How difficult is it to switch from doing a TV role to a big screen movie role? Which do you prefer?

I’d have to say that acting is acting, and that you always want to convey a sense of honesty and authenticity. So, I approach both in a similar way. For me, though, the great joy of doing this film was that there was so much gravitas to my role. In fact, I feel that I do my best work when the stakes are a lot higher, where I play the heavy, like I did in “La Mission,” a movie my brother directed.

Is there a remake of a classic you’d like to do with a role for yourself in mind?

I think every actor would like to be in some version of “The Godfather.” So, if they’re doing “Godfather IV,” sign me up. [Laughs]

How has acting changed for you over the years and how have you managed to mix comedy with drama so successfully?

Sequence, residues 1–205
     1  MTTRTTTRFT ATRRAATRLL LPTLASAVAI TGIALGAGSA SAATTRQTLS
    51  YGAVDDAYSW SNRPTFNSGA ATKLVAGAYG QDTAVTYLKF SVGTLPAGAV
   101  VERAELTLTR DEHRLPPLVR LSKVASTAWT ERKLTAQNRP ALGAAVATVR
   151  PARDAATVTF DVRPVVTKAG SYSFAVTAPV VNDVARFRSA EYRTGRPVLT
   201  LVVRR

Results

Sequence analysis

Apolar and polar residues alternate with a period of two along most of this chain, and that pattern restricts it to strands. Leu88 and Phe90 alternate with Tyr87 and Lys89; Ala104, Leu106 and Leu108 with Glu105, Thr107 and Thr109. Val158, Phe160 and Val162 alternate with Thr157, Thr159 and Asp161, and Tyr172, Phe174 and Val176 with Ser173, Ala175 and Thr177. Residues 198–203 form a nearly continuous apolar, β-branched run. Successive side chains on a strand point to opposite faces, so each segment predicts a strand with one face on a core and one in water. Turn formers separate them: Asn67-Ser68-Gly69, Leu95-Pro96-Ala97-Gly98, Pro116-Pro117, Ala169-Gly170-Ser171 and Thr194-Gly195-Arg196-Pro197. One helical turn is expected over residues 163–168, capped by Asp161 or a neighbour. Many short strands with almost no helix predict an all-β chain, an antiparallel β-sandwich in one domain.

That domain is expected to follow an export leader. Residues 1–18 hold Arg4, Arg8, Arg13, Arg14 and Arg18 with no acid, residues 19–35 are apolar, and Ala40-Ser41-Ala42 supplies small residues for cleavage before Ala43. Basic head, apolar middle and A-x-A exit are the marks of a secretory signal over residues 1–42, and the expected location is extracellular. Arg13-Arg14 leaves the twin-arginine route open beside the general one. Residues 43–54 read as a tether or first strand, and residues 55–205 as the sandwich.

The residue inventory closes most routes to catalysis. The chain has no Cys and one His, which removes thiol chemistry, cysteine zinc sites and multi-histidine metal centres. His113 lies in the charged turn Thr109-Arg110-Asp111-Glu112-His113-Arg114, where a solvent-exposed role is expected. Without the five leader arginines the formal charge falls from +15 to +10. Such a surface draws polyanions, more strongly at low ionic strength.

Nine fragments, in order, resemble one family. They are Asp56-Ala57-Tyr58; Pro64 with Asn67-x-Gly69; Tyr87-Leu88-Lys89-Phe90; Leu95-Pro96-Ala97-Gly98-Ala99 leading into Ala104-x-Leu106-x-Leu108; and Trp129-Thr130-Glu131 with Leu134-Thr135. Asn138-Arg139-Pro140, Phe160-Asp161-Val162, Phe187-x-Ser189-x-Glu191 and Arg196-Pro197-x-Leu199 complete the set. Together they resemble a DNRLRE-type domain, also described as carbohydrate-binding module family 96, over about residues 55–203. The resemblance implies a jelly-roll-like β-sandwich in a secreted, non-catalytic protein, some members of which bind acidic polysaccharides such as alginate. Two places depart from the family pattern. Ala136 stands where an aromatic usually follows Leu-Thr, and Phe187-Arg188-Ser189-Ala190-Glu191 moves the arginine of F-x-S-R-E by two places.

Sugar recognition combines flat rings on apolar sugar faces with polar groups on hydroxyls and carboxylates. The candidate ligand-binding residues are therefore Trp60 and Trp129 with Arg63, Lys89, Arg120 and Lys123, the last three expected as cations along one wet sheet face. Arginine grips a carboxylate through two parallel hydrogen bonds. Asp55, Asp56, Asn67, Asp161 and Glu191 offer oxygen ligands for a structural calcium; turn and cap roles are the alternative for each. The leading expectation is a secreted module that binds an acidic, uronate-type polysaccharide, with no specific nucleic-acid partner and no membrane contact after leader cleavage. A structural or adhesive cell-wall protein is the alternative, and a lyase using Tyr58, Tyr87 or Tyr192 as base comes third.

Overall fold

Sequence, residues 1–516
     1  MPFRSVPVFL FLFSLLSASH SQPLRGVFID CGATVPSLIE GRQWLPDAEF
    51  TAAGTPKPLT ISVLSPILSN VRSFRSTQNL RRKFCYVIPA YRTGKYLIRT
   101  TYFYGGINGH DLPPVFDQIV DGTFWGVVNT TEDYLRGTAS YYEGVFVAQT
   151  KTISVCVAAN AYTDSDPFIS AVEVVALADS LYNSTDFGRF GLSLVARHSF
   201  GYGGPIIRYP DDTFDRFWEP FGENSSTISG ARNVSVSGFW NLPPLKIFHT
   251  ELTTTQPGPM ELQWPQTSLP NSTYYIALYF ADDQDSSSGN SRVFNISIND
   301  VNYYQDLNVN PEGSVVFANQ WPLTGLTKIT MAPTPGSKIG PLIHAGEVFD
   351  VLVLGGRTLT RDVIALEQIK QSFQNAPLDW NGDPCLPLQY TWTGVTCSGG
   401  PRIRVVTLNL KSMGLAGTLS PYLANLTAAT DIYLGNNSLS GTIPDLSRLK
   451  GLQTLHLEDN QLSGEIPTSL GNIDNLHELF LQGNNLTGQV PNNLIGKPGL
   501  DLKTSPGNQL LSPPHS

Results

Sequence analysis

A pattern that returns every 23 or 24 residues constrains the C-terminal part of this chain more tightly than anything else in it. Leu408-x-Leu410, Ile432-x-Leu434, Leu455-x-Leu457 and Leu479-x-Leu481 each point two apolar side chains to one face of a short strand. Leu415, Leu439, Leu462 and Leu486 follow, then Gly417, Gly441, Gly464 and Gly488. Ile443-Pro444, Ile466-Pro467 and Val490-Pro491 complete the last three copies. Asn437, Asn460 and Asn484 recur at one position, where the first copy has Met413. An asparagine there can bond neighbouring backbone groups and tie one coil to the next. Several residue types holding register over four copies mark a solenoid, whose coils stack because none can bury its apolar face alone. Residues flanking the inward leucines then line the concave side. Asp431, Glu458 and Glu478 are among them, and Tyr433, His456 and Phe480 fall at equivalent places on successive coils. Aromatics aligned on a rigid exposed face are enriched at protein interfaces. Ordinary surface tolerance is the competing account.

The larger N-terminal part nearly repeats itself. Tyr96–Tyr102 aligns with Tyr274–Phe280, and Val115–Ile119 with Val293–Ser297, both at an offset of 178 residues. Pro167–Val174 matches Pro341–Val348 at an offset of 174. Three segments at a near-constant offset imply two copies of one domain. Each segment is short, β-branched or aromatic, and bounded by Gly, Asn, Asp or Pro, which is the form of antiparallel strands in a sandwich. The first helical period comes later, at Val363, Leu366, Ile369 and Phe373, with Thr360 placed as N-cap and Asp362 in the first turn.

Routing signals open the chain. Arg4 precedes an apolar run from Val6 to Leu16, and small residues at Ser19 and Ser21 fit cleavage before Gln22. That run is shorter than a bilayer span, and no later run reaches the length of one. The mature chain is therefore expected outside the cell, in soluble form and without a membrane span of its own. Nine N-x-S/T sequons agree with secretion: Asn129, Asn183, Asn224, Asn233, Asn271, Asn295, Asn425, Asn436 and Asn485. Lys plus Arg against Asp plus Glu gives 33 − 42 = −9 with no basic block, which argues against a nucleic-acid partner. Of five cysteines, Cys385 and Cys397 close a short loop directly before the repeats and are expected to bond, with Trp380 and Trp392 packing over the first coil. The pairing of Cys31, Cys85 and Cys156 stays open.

Good question. I think that I was hungrier when I was younger, and it showed in my work on some level. As I’ve gotten older, I’ve grown a lot more assured about what I’m doing. I call upon my training, my research and my life experience. That’s the good news about getting older. Your life experience really informs the work that you do in front of the camera, and even more so onstage. That comfort level enables an actor to be more at ease. Being a greater risk-taker comes from the experience of taking on roles, and it shows.